- Theme / Motivation: Readers can easily see the symmetry behind the second sentence once we've written out the math expressions, \(x^y = 16, y^x = 16\).
- Imagery: In this case, the math expressions speak for themselves.
- Options: A numerical answer would work best in this case. There's little to no benefit by adding multiple choices because it doesn't show how one can arrive at these numbers.
Based on the above, we can improve the problem by

- Rewrite the question by providing math notations.
- Remove the context of "favorite numbers."
As such, this leads us to create the following problem:

Let \(x\) and \(y\) are positive integers such that \(x^y = 16\) and \(y^x = 16\). What is the sum \(x+y\)?

How can we improve the following problem?

There is a point that is 5 away from the edge of a circle that is towards the center of the circle. If you draw all of the chords through this point, you will find that the shortest chord has length 30.

What is the radius of the circle?

Answer: 25.

First, let's identify our target audience

- What makes the problem stand out? It is thought-provoking because there doesn't seem to be enough information in the problem to proceed
- What level is the problem? This is likely of medium difficulty because it is a simple application of a concept.
Second, let's choose the best presentation

- Phrasing: The problem seems convoluted. For example, the second sentence can be made explicit/immediate by phrasing it as "The shortest chord of the circle that passes through this point has length 30".
- Theme / Motivation: This is actually a really interesting geometry problem, but that has not been expressed as yet. Too much time is spent trying to figure out what the problem is, instead of appreciating it. In addition, a hint might be helpful, because there doesn't seem to be enough information at the start to proceed.
- Imagery: This will strongly benefit from having an attached image.
- Options: A numerical answer would work best in this case. Having multiple choice options doesn't make it more tempting to answer, because it is not clear how we can arrive at those values.
Based on the above, we can improve the problem by

- Providing a pictorial image for people to understand what the description is
- Providing a hint for people to get started
As such, this leads us to create the following problem:

How can we improve the following problem?

At \(t=0\), a particle \(A\) is located at the origin \((0,0)\) and a particle \(B\) is located on the \(Y\)-axis at \((0,-d)\). Then, \(A\) starts traveling along the \(X\)-axis at a constant velocity \(u\). \(B\), on the other hand, travels with a constant speed \(u\) such that, at every instant, its velocity vector is oriented towards \(A\)s current location. Let \(r(t)\) denote the distance between the particles at time \(t\). Find \(\lim_{t \to \infty} r(t)\).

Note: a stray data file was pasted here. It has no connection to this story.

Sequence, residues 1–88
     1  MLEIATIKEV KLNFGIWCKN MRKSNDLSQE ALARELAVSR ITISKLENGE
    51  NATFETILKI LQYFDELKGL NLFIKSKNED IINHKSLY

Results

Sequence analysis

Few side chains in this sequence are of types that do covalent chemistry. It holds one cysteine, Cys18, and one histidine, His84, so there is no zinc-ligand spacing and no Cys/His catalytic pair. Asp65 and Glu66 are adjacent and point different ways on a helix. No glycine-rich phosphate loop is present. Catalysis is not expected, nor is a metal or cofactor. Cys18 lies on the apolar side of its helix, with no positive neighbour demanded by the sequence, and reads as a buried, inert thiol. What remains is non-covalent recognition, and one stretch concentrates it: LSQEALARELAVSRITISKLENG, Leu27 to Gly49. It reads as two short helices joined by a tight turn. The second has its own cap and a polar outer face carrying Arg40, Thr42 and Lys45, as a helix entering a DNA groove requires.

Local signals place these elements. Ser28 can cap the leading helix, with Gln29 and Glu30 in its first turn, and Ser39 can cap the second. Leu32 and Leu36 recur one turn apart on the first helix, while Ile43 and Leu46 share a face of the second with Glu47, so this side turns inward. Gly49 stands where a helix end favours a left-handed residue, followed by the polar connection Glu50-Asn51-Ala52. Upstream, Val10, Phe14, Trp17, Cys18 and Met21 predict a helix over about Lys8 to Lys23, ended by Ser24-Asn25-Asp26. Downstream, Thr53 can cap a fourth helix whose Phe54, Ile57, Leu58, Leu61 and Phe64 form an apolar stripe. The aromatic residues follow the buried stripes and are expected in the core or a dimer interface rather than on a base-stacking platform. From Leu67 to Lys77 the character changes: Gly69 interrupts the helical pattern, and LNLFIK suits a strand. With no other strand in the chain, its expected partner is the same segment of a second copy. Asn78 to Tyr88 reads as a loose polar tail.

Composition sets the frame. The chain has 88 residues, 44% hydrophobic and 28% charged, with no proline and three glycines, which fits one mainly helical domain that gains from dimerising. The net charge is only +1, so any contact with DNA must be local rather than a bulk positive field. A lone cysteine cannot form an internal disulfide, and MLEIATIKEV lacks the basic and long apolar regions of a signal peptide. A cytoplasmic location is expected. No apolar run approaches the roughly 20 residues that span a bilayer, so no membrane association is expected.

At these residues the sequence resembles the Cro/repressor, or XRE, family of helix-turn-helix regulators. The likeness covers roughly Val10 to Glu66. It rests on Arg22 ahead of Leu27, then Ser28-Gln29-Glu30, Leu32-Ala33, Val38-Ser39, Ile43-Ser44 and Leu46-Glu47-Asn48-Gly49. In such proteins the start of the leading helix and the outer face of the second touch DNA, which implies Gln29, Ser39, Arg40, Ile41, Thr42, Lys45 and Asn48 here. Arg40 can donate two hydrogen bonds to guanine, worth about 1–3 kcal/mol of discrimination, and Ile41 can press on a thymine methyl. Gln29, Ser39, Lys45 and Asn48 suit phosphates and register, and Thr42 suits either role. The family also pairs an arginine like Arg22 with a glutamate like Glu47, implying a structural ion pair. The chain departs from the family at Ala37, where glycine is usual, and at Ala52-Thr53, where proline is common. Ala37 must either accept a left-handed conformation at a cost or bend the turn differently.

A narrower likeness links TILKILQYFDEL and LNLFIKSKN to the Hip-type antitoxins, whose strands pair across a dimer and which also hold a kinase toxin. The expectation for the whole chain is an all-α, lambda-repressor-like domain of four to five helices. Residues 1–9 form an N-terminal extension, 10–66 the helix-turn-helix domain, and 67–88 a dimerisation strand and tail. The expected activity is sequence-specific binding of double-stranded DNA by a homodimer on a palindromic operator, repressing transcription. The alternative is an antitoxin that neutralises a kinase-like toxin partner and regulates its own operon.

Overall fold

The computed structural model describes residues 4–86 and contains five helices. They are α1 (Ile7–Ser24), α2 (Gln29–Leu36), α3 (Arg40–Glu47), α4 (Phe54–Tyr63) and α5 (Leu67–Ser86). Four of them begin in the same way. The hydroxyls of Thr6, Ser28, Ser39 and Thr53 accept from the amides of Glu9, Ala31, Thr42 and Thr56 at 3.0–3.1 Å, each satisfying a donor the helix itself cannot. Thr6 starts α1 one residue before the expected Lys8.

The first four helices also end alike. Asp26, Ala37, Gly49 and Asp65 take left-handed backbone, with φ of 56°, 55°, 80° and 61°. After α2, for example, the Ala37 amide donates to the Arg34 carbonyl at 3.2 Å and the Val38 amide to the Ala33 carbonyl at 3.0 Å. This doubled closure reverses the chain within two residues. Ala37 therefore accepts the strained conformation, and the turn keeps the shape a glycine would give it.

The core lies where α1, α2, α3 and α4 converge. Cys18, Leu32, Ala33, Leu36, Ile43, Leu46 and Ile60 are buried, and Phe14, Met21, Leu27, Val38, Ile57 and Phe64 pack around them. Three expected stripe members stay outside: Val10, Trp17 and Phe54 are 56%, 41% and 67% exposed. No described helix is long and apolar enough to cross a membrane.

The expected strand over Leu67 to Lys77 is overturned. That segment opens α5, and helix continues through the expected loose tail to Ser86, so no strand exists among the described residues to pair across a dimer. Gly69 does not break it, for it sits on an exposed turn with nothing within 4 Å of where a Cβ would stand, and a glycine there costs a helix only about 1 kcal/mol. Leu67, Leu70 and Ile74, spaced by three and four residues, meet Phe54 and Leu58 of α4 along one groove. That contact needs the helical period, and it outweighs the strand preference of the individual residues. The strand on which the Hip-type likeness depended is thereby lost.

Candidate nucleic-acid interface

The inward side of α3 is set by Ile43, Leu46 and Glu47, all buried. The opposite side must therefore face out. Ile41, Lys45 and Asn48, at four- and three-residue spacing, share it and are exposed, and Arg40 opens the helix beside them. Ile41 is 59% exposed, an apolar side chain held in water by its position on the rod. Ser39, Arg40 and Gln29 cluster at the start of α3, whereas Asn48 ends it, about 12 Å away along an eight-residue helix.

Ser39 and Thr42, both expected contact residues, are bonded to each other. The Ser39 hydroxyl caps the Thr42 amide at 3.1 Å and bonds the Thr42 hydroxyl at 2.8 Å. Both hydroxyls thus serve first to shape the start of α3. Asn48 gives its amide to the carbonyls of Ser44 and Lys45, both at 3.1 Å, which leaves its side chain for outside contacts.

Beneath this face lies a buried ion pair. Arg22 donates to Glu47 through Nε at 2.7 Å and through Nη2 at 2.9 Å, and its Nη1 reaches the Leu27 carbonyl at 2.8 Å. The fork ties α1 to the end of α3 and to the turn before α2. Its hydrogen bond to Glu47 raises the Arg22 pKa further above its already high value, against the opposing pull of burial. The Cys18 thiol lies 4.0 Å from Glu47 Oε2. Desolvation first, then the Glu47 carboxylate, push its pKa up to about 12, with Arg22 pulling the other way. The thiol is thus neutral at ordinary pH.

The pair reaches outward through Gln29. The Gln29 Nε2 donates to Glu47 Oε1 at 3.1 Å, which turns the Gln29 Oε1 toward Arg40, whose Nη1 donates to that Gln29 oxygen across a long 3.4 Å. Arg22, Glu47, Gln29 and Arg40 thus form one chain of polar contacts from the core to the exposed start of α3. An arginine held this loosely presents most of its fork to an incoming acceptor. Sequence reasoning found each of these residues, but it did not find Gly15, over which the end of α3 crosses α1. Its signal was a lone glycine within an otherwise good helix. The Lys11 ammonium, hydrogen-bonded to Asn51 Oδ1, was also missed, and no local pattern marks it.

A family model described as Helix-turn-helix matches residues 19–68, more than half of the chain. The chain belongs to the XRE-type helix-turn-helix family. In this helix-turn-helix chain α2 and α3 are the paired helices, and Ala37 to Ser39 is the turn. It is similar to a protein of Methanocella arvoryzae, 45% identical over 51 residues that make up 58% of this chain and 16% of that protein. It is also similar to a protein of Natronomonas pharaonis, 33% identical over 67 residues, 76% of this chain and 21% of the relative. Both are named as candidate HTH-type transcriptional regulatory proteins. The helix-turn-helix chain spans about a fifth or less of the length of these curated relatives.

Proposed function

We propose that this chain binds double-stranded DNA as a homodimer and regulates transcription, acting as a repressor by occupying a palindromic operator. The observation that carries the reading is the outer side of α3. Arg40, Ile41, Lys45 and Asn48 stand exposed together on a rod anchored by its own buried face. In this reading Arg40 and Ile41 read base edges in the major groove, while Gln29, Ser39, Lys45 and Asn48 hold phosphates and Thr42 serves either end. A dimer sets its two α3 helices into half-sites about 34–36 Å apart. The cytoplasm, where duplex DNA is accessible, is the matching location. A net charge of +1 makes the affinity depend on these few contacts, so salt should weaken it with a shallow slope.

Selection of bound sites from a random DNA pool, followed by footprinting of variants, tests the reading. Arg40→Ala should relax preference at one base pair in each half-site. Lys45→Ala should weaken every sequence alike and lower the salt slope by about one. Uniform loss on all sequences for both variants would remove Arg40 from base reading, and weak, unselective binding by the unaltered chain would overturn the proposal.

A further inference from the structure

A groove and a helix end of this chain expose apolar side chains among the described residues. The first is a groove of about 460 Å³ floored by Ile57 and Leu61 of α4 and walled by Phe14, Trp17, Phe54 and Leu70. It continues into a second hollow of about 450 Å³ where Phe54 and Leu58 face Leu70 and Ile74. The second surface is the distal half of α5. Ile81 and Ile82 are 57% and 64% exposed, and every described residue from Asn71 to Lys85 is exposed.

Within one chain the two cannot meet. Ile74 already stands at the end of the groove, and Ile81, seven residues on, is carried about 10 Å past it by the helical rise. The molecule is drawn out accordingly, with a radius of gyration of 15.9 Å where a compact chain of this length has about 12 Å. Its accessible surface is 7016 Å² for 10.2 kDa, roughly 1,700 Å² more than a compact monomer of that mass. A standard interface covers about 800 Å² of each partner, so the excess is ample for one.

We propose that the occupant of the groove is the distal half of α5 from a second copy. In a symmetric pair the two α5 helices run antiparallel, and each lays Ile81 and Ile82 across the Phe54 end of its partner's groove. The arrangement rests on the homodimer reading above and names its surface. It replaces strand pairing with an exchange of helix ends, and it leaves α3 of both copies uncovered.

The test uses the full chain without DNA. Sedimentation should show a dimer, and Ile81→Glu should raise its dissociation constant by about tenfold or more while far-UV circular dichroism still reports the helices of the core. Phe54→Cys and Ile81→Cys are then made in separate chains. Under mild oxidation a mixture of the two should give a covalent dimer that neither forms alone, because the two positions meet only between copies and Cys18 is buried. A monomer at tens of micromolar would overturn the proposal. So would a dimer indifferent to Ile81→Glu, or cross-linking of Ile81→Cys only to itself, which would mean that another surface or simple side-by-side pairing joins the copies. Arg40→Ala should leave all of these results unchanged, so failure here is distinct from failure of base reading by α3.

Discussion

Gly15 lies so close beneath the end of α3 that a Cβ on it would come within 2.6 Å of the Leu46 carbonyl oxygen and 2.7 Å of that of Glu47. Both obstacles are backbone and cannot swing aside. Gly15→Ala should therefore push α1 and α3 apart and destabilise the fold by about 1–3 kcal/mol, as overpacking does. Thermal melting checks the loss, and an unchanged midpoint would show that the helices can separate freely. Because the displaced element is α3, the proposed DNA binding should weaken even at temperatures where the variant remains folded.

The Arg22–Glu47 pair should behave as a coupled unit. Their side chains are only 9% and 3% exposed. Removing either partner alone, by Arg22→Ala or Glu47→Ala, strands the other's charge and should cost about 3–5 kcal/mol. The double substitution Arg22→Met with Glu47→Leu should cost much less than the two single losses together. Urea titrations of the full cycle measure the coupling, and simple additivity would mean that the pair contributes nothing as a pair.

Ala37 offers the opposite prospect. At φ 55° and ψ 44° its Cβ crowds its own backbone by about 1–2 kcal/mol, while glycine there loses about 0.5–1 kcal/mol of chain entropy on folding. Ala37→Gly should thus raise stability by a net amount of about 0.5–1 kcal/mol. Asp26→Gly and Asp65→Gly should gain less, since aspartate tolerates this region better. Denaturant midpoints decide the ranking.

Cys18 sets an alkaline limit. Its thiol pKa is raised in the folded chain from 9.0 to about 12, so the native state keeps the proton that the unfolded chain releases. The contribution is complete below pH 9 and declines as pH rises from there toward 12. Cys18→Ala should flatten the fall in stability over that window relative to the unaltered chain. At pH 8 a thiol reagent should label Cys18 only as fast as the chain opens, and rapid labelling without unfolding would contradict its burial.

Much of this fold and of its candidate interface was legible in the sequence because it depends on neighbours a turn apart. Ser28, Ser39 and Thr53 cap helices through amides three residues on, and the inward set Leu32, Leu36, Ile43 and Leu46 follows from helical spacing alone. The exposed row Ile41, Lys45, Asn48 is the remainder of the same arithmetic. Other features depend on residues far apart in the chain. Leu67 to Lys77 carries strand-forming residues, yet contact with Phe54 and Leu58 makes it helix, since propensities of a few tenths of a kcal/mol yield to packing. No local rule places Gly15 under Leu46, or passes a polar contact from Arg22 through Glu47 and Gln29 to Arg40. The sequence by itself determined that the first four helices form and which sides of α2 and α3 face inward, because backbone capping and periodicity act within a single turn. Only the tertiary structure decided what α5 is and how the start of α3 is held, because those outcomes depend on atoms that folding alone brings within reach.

Options:

(A) \(\dfrac{d}{2}\)

(B) d

(C) 2d

(D) Zero

(E) Infinite

First, let's identify our target audience

- What makes the problem stand out? It represents a daily life scenario where we want to chase an item directly. As they work through the problem, it might showcase a misconception.
- What level is the problem? This is likely of hard difficulty because we have to relate several concepts and solve a differential equation.
Second, let's choose the best presentation

- Phrasing: Let's be honest, most people would not make it through the entire paragraph, because it appears boring.
- Theme / Motivation: Being a classic {{chasing problem}}, we could add some characters to make the problem more interesting.
- Imagery: Since it can be a real-world application, having an image that illustrates all the information would be very helpful.
- Options: While we could convert this into a numerical answer by setting \( d = 1 \), having the options not only makes it easier for people to guess, it also showcases that there is a "nice" answer to this seemingly complicated problem.
Based on the above, we can improve the problem by

- FIguring out how best to present the problem as a real-world/familiar scenario.
- Providing a pictorial image for people to immediately grasp what is happening.
As such, this leads us to create the following problem:

Tom and Jerry both have equal top running speeds \(u\) and are initially at points \(A\) and \(B,\) respectively, separated by a distance of \(d\).

They both spot each other and immediately start running at their top speeds. Jerry runs on a straight line perpendicular to the line \(AB\) and Tom runs in such a way that its velocity always points towards the current location of Jerry.

Let \(r(t)\) denote the distance between Tom and Jerry at time \(t\).

Find \(\displaystyle \lim_{t \to \infty} r(t)\).

Options:

(A) \(\dfrac{d}{2}\)

(B) d

(C) 2d

(D) Zero

(E) Infinite

Now that you've seen these ideas in play, take a problem of yours and see how you can make it great! If you would like help going through a problem, comment in the feedback box below!